Russian forest based industry was cut off from the markets of Europe, Japan and the U.S. because of the Russian invasion of Ukraine. The slowdown in the Chinese economy does not allow Russian companies to redirect supplies from Europe to the East, causing them significant damage. In July, sawmills in the North-West of Russia began to stop production.
China imported only 3.6 million m3 of softwood lumber in 1Q22, the lowest quarterly volume in nine years. Several factors that will likely continue to weaken demand in China for lumber in the coming months include lower new construction activities, continued COVID lockdowns impacting supply chains and financial distress from recent negative updates in China’s expected GDP targets. Although average lumber import prices fell from about $290/m3 in December 2021 to $260/m3 in April 2022, they were still substantially higher than during most of 2005-2020.
The value of China’s furniture exports declined 3% to US$9.468 billion in the first five months of 2022. The USA still is the largest destination but exports fell 3% to US$3.088 billion but still accounted for 33% of total furniture exports.
Chinese furniture exports to Asia, Oceania and African increased 5%, 4% and 2% respectively but to North America, Europe and South America exports declined.
Among the top markets for China’s furniture exports sales to Australia rose 7% to US$634 million, exports to Japan and South Korea grew 2% and 3% respectively. However, furniture exports to USA, UK and Canada fell 3%, 15% and 16% respectively and to Germany and France exports dropped 14% and 5% respectively.
China’s furniture exports to Peru, Brazil and Colombia fell 24%, 28% and 40% respectively.
According to China Customs data the proportion of China’s furniture exports to the USA has increased from 33% in 2014 to 44% in 2018 but declined from 44% in 2018 to 31% in 2020 due to the China-USA trade friction.
The proportion of China’s furniture exports to the USA was 32% in 2021 from 31% in 2020. China’s furniture exports are diversifying to more than 200 countries.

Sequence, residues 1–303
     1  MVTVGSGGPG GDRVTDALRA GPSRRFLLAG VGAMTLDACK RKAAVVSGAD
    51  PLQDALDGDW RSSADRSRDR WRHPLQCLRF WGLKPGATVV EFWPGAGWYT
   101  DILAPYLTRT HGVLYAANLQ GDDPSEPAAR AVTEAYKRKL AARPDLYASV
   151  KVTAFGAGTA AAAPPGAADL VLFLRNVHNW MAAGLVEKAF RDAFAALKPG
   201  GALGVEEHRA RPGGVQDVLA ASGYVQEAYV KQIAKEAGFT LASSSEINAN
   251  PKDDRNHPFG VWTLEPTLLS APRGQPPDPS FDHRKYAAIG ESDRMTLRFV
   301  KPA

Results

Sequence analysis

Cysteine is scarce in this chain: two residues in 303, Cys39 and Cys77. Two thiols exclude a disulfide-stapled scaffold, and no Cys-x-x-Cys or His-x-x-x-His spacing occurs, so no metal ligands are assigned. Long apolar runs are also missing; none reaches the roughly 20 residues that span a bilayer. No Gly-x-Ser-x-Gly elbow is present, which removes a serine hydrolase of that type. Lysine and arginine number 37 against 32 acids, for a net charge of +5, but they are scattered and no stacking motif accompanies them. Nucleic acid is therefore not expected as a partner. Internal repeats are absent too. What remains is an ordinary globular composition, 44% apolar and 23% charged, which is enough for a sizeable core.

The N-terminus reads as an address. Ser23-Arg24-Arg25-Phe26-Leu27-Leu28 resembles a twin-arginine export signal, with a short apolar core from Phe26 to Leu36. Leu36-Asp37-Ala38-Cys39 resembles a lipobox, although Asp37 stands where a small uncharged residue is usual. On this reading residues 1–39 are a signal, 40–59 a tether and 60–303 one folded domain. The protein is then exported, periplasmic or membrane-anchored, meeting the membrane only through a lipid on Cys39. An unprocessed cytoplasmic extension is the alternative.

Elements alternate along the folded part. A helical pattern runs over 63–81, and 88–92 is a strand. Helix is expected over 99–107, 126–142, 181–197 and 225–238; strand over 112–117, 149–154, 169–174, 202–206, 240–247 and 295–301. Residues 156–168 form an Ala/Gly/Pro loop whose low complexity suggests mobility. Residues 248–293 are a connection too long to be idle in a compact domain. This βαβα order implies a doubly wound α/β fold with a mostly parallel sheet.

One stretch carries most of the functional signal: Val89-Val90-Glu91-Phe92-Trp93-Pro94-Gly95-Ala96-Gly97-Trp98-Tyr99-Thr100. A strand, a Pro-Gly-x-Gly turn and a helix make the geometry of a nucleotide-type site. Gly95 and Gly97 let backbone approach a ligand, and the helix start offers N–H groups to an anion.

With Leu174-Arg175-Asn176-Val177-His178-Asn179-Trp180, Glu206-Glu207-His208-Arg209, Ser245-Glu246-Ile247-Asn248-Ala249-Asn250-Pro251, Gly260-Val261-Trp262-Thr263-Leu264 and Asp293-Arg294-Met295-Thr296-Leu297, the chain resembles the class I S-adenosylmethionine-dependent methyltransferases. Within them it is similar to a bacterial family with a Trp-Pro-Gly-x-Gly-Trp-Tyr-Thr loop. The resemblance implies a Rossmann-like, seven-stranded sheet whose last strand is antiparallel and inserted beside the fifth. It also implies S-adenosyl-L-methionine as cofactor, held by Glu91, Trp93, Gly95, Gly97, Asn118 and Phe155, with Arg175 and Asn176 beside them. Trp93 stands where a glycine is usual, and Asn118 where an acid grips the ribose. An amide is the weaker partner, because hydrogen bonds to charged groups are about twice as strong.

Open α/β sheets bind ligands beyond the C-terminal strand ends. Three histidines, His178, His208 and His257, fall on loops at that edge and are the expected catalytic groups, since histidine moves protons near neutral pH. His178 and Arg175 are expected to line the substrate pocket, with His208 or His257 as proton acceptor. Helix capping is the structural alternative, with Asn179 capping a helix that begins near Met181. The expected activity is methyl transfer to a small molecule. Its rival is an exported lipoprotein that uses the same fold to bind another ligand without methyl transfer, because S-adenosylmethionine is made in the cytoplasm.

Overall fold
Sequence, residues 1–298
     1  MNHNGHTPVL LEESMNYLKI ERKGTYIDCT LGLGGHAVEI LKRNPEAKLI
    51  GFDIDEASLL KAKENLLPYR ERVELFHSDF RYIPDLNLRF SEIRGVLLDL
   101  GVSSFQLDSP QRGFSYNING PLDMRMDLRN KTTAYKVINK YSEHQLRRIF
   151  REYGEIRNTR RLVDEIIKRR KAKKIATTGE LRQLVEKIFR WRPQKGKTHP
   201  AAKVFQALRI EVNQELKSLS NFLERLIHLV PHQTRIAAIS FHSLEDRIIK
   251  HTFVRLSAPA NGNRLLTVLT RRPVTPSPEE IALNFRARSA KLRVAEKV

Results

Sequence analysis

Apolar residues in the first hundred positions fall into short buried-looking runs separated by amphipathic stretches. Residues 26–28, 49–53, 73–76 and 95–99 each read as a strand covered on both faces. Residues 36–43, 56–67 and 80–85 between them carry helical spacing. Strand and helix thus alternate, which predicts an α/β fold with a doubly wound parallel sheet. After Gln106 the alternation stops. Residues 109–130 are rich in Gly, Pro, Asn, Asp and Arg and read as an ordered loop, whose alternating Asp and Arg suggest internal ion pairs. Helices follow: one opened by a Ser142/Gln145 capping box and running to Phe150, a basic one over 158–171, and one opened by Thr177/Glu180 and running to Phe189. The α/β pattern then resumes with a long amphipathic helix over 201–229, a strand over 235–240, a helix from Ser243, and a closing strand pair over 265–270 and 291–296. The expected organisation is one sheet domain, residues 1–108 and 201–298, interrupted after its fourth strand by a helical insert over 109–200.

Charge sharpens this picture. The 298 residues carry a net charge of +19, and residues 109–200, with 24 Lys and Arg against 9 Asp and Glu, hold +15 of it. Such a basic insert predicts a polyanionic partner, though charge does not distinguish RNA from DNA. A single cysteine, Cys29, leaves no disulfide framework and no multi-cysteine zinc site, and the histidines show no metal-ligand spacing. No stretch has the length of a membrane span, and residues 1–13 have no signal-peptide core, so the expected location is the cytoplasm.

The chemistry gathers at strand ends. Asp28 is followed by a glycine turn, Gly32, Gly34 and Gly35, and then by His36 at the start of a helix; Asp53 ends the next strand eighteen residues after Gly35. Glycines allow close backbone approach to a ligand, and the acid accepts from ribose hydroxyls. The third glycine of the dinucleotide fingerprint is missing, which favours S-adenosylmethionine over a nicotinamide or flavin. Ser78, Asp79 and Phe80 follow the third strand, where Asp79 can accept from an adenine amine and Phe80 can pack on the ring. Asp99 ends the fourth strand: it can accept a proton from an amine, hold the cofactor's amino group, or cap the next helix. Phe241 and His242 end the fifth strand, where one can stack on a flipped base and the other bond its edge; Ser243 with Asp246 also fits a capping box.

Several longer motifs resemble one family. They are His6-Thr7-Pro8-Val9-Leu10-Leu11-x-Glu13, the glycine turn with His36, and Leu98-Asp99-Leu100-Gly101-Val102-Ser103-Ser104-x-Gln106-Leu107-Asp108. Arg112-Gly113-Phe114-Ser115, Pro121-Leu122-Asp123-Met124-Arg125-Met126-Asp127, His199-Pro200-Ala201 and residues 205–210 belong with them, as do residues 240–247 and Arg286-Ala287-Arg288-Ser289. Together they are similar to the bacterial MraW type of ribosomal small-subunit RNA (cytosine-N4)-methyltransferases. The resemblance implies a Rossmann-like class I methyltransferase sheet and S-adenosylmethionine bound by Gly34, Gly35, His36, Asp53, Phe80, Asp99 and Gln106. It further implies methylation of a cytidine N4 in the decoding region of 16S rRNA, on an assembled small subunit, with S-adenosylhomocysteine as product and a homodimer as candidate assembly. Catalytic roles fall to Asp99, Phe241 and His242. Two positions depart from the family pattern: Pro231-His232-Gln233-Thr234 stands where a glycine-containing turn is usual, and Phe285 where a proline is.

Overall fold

Lumber and Wood Products Markets – Vietnam
According to the General Department of Customs, it is estimated that the export value of wood and wood products in wood products in June 2022 at 1.03 billion USD, down 18.1% compared to June 2021.
In the first 6 months of 2022, the export value of wood and wood products is estimated at 8.5 billion USD, up 2.8% over the same period in 2021. In which, the export of wood products is estimated at 6.14 billion USD, down 4.6% over the same period in 2021.
Due to the impact of the epidemic situation, the “Zero Covid” policy in China as well as the high input costs due to the impact of the conflict between Russia and Ukraine, many countries face rising inflation, so consumers have to tighten their spending, the demand for non-essential goods decreases, including wood products and wood products.
Therefore, the export value of Vietnam’s wood and wood products in the first half of 2022 decelerated.
Global trade is recovering slowly due to the impact of the conflict between Russia and Ukraine, along with the outbreak of the disease and the “Zero Covid” policy in China. Notably, while the main export items decreased slightly, the export of items such as wood chips; wood, planks and flooring. Wooden door; fine art furniture saw positive growth in the first 5 months of 2022.
Nevertheless, there is a common factor among wood industry businesses, that is whether their revenue increases or decreases, the gross profit margin of most companies declined in 2022 due to higher input materials and logistics costs. Prices of imported sawn pine and round pine rose 52% and 38% respectively due to the impact of the Russia-Ukraine conflict and high logistics costs.